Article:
Revival and Resurgence of Science Education in India: Lessons from the Hoshangabad Science Teaching Programme


  • Navneet Sharma
  • Yusuf Akhter Babasaheb Bhimrao Ambedkar University
  • Showkat Mir
  • Anamica .



education, pedagogy of science, science, science education, scientific method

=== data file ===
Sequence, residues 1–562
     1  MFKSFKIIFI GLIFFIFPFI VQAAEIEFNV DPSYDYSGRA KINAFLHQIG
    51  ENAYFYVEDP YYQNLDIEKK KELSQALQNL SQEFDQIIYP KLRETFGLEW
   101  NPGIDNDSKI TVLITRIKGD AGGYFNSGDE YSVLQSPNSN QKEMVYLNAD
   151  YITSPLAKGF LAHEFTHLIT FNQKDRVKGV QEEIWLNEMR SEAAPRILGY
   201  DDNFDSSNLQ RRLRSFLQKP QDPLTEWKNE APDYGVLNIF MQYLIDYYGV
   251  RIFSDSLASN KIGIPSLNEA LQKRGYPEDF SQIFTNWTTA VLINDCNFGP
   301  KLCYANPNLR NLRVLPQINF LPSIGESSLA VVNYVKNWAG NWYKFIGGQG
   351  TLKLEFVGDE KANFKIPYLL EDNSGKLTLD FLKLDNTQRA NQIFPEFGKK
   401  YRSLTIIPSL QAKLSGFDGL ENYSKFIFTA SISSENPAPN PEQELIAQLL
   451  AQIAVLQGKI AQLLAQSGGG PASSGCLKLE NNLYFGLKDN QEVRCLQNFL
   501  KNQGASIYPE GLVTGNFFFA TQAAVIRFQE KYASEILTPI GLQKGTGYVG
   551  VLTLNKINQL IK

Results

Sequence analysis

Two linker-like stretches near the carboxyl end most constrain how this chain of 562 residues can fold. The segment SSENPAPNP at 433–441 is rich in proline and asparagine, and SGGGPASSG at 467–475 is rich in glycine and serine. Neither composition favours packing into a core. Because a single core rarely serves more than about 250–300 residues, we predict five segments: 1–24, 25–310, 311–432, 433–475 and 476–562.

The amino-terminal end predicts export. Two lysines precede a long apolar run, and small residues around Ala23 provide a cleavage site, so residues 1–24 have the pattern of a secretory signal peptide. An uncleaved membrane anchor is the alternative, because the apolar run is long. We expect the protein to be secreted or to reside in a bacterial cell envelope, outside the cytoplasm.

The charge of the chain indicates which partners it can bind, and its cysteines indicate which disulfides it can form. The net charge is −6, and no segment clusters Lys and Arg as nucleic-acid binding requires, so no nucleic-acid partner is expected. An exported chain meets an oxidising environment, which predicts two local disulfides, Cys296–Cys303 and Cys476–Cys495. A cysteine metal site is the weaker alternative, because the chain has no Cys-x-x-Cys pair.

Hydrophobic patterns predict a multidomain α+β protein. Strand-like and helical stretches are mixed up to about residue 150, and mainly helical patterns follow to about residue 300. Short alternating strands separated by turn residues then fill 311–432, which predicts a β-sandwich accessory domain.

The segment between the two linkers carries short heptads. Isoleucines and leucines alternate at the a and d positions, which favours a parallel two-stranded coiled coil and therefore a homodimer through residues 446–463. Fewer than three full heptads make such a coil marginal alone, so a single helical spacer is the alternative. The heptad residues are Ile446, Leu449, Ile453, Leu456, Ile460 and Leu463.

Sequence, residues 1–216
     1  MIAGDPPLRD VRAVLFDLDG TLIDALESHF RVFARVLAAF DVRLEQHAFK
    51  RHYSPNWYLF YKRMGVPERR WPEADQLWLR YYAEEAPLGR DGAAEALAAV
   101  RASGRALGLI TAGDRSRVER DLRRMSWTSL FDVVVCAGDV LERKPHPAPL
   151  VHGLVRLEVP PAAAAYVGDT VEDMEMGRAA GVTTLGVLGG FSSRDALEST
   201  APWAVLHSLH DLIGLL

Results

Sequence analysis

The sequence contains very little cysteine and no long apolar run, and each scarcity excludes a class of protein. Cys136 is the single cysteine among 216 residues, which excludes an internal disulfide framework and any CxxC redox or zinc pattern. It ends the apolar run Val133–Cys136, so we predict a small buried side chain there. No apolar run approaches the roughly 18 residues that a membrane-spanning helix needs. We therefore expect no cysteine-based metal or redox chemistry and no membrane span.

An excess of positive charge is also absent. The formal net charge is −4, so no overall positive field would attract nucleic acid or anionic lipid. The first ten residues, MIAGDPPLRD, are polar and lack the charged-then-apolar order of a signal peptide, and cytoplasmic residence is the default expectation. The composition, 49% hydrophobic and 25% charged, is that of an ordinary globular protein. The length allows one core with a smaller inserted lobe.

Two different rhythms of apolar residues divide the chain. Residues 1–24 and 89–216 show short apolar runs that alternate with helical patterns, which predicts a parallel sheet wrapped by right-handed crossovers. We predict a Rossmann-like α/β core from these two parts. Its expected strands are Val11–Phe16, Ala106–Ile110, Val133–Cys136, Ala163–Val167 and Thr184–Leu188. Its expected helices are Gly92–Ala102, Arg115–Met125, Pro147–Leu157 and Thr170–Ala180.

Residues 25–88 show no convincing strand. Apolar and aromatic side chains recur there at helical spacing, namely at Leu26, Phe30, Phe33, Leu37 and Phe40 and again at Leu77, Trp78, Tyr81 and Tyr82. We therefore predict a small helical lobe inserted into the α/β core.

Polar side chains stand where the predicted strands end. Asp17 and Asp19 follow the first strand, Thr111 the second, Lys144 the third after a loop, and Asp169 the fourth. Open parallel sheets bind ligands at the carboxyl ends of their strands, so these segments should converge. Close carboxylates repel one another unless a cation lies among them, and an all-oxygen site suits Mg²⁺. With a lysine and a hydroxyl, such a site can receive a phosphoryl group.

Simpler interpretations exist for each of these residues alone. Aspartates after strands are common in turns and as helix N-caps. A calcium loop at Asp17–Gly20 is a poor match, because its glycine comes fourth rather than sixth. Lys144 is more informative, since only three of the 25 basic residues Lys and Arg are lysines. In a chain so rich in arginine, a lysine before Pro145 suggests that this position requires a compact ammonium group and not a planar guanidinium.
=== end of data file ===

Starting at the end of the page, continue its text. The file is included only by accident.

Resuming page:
Education, particularly science education, aims to encourage people to think, learn, solve problems, and make sound decisions. Science Education, as a discipline, focuses on disseminating and expanding scientific content as knowledge that produced in and through science. There have been very few social pedagogical interventions, in which learners are forced to 'do' science. The Hoshangabad Science Teaching Programme (HSTP) was launched in the 1970s, in the Indian hinterland by some zealous and concerted educators. It is demonstrated and believed that people generally have the capacity and capability to do science. The scientific method could be used to construct knowledge if learners are assisted and guided to think and reflect in procedural steps to construct observation, data collection, categorisation, and analysis. The HSTP operated for three decades before being abruptly shut down in 2003. This article attempts to highlight the lessons that can be drawn from running a progressive science education programme in a populist democracy. It is also important to consider why progressive science education harms the nation ideology. The final goal of this article is to explain why such programmes are still considered "alternative" education and why they cannot be integrated into "mainstream" education. Finally, we want to emphasise that if science education in India is going to change the discourse about how people should critically reflect on and construct their 'justified true beliefs.' Furthermore, this issue needs to revive and resurrect science teaching and learning in India by following and emulating the HSTP.